Tuesday, November 15, 2011

Back Pain

My back is killing me.

     I'm almost 4 weeks in visiting the chiropractor and the pain has been increasing steadily since then. I find I have less energy, less motivation, and much more difficulty performing basic tasks. To make matters worse, I'm not even allowed the decency of complaining because the reason my back hurts in the first place is because it's in the process of being corrected.
     Oh sure, It all sounds so clean and precise after the initial assessment, when I'm told of a few minor points of concern, the potential harm of leaving them un-addressed, and the simple process for getting bones in the right place again. Of course now I'm beginning to think that a 6-12 month correcting process never feels long until you hit week 3 and your spine feels like it's made of porcupines.
     Ironically enough though, this experience is illuminating my study in Hebrews and how the author encourages the church to persevere under God's discipline and to accept his correction as a sign of love and adoption. He teaches how all discipline is part of a process and that this process will always involve pain. But it's because of love not hate that we experience what we do in Christ. How else does God show love to our dislocated and wayward hearts if not by placing us lovingly under his discipline? To submit to God's discipline is not to be out in the field taking hit after hit from God's shotgun every time a hint of imperfection arises, like some never ending game of cosmic Duck Hunt. No, like a chiropractor God knows what he's doing.

Plus He's patient enough to give us lasting relief and not the cheap cover up that the World so readily offers.  

"For the moment all discipline seems painful rather than pleasant, but later it yields the peaceful fruit of righteousness to those who have been trained by it." - Hebrews 12:11

It's still true today, we are in good hands.


Jake Rivers

Thursday, November 3, 2011

White-Out Style Conscience Cleansing

"Where there is forgiveness of these [sins], there is no longer any offering for sin."
- Hebrews 10:18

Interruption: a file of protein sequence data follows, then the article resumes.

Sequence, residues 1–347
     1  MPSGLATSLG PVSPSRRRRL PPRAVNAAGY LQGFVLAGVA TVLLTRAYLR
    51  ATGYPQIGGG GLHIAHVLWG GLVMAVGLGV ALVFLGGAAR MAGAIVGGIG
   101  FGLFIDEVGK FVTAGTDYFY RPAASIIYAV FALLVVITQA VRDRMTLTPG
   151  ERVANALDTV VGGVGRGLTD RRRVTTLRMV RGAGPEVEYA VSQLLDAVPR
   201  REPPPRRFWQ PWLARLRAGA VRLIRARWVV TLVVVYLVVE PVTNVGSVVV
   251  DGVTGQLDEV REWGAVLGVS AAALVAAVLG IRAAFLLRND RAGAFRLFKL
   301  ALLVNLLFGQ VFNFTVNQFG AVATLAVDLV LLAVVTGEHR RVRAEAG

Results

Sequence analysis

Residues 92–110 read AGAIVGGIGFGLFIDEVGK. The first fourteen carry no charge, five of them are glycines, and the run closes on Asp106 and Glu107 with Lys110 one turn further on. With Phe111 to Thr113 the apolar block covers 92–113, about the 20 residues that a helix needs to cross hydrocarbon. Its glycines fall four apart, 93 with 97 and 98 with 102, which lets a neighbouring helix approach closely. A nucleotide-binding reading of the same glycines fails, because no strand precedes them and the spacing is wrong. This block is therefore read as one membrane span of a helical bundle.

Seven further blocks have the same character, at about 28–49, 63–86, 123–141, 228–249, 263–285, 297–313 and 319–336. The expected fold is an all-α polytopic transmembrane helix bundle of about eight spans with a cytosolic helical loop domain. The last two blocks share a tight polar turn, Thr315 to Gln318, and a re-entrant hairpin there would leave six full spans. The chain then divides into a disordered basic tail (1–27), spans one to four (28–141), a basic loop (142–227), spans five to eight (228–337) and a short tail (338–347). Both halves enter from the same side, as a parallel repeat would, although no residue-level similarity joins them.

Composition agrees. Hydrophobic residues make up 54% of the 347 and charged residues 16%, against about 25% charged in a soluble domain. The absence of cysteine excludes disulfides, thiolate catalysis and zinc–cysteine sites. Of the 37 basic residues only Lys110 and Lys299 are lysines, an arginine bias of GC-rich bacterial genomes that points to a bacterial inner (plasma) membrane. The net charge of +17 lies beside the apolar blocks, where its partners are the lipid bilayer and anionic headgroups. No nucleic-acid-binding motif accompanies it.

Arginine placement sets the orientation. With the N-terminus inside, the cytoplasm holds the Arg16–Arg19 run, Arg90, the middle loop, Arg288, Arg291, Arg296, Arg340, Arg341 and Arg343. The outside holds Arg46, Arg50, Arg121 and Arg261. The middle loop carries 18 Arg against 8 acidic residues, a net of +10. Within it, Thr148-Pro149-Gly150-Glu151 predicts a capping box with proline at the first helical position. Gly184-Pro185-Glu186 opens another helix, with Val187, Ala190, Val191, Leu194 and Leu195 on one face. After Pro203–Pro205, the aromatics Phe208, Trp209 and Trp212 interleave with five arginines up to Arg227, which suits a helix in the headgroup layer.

Weird idea.

    The part I don't like about it is the admitting part. I'm fine with the forgiveness that waves me through the metaphorical airport customs, blind to all the junk in my past. If forgiveness is a "let sleeping dogs lie/don't ask, don't tell" ordeal, then that is fine by me. Frankly, the less said about my screw ups, the better! My ideal Christian life would be one in which every mistake I make is greeted with blank stares and subject changes.
No attention. No detection.

I want a forgiveness that says:

"It never happened."

     But that is impossible. My memory alone is too vivid. I'm stuck with the wretched feeling of dysfunction as I identify myself the factory that mass-produces wickedness. The labour alone of white-out style conscience cleansing wearies me to death. I'm the guy with the roll of paper towels trying to dry off the rocks beneath a raging waterfall. I can't cover it all up. No one can.
     But in Christ, Sin is dealt with at the cross. Christ is not my assassin, hired to creep into my past and snuff the evidence of my screw-ups. He is the willing assassinated Saviour for sinners. To Him belongs a light that brings revelation (not concealment), to all the sin in my life. In fact, this exposure is so great that it reveals atrocities beyond my deepest fears!
     But how tremendous the power of the cross, that the great unveiling of sin becomes the damning sentence for Christ Himself! In his great authority he has laid claim to what once claimed me. And how much greater, that by that same authority He killed my sin (punching it right in its ugly face!), and graphically portraying its repugnance as a further testament to His greater glory. Christian forgiveness is as bloody as it is liberating. And it is good news. No other forgiveness can so thoroughly meat my desperation.

For I need a forgiveness that says:

"It is Finished."

"For our sake he made him to be sin who knew no sin, so that in him we might become the righteousness of God."
- 2 Corinthians 5:21


Jake Rivers